Years after the housing market tanked and sank the economy, more than 70 percent of Americans say getting a mortgage today is a serious national problem, according to a new study by, a home loan and information site operated by Move, Inc.

According to the survey, today’s lending environment is so confusing many borrowers are experiencing high levels of stress and frustration.

More than one in five recent home buyers (20.9 percent) told, waiting to hear if they were approved for a mortgage was more stressful than waiting to hear if they got a job. says home buyers can significantly improve their chances of getting a mortgage application approved on the best possible terms in today’s tough lending marketplace by taking the following steps.

• Pay down your debt as much as you can before applying for a mortgage.

Lenders calculate the ratio of your debt to your income to determine how much you can afford to borrow. Your total debt-to-income is based on how much of your gross income would go toward all of your debt obligations, including mortgage, car loans, child support and alimony, credit card bills, student loans and condominium fees.

Reducing your debt as much as you can, you will improve your debt-to-income ratio and your credit score.

• Clean up your credit long before you apply for a mortgage.

Credit is critical today, not just to get a mortgage but to get the best terms. A marginal credit score can cost you tens of thousands of dollars over the life of the loan. Your score on the 850-point FICO credit rating scale must be 680 today to qualify for a prime loan and at least 720 to get the best rates.

Pull one or all of your three annual credit reports from and check yourself, before you wreck yourself.

You’ll have to pay a nominal fee of $10 to $15 to each credit bureau — Equifax, Experian and TransUnion — to get your credit score. Review your report for errors and omissions.

• Don’t make a major purchase on credit and don’t apply for new credit before you apply for a mortgage or at any point before your mortgage closes. Purchases and credit accounts increase your debt and hurt your debt-to-income ratio.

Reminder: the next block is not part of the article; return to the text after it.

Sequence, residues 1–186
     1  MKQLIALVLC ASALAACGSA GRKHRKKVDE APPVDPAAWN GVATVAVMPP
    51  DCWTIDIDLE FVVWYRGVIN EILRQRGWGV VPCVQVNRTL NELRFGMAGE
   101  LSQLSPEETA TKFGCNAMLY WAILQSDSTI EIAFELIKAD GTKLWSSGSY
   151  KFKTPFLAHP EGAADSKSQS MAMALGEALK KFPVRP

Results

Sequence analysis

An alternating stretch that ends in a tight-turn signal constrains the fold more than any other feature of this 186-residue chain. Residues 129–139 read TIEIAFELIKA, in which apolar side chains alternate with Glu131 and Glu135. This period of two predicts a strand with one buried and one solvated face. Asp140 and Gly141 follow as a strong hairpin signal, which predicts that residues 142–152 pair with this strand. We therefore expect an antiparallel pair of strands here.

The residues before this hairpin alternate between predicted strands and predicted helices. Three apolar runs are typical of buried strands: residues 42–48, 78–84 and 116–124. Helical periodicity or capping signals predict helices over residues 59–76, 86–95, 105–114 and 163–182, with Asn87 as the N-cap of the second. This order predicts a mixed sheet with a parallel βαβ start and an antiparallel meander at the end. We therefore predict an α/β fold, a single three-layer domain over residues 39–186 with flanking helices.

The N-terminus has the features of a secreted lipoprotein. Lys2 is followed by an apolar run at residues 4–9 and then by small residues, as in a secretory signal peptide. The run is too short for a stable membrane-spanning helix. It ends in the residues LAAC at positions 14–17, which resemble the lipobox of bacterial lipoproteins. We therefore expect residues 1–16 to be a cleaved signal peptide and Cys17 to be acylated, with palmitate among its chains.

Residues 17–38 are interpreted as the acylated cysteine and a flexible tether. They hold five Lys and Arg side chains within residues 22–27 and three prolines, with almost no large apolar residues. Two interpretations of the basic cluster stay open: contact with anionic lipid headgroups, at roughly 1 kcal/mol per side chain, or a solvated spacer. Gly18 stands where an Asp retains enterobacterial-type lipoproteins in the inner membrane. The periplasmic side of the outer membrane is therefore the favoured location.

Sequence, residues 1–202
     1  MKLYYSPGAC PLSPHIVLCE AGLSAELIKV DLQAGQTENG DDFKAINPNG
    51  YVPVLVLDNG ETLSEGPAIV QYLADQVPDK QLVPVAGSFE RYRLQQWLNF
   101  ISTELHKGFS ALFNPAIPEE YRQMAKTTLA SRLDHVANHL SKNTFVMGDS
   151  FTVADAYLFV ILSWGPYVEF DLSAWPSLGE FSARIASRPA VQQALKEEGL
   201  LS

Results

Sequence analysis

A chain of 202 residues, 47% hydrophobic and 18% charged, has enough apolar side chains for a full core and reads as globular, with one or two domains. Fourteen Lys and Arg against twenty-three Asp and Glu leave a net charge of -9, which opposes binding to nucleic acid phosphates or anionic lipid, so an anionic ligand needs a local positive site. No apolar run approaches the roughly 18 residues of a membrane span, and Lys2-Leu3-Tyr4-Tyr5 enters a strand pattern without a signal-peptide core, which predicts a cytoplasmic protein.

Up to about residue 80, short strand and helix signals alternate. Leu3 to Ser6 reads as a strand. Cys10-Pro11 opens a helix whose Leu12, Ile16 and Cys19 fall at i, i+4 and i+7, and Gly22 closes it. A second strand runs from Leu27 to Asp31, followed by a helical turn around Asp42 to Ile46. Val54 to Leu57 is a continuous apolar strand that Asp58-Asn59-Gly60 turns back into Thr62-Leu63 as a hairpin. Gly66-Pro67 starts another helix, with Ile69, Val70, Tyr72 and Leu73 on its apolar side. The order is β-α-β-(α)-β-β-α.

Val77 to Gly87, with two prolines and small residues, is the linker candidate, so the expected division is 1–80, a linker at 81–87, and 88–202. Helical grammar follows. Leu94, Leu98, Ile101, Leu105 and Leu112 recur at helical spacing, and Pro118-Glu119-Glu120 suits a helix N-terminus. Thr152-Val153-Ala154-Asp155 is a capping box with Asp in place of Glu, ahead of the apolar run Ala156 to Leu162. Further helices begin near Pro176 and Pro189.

• Increase your down payment. The more you put down the better your rate and your chances at scoring on that loan application. If you can’t increase your money down, buy a cheaper home. Now is not the time to stretch.

• Get all your docs in a row before you apply for a mortgage. Don’t waste time or raise the ire of lenders who are tougher than ever on documentation for income, assets, financial obligations and more. When you apply, have your paperwork ready.

• Know and prepare for your cash requirements. Cash expenses, beyond the down payment can crush you. Closings costs are on the rise. They can include transfer taxes, lenders fees, title insurance, escrow, settlement and home inspection costs. Also upfront property taxes, homeowner association dues homeowner insurance and other costs could come due before you close.

• Larger loans raise your costs. So called “jumbo mortgages” exceed the $417,000 “conforming loan level” in most parts of the country. In high cost areas like New York City, Washington D.C., Miami, and many parts of California, jumbos begin at $729,750. Larger mortgages are more risky so they cost more, require better credit and demand larger down payments.

• Negotiate tough. Ask for a purchase price lower than the value. A lower price serves both you by lowering your loan-to-value ratio and your lender, by reducing its risk. In today’s marketplace, many sellers are willing to deal. Go for it.

• Don’t get taken. When you see rates attractive rates advertised on the Internet or TV don’t froth. They could be come-on or teaser rates with lots of strings attached. In addition, rates change several times during the day and differ by locale, by borrower, by loan-to-value ratio and due to a host of other factors. Advertised rates maybe be what you see, but they are often not what you get.

Courtesy of Realty Times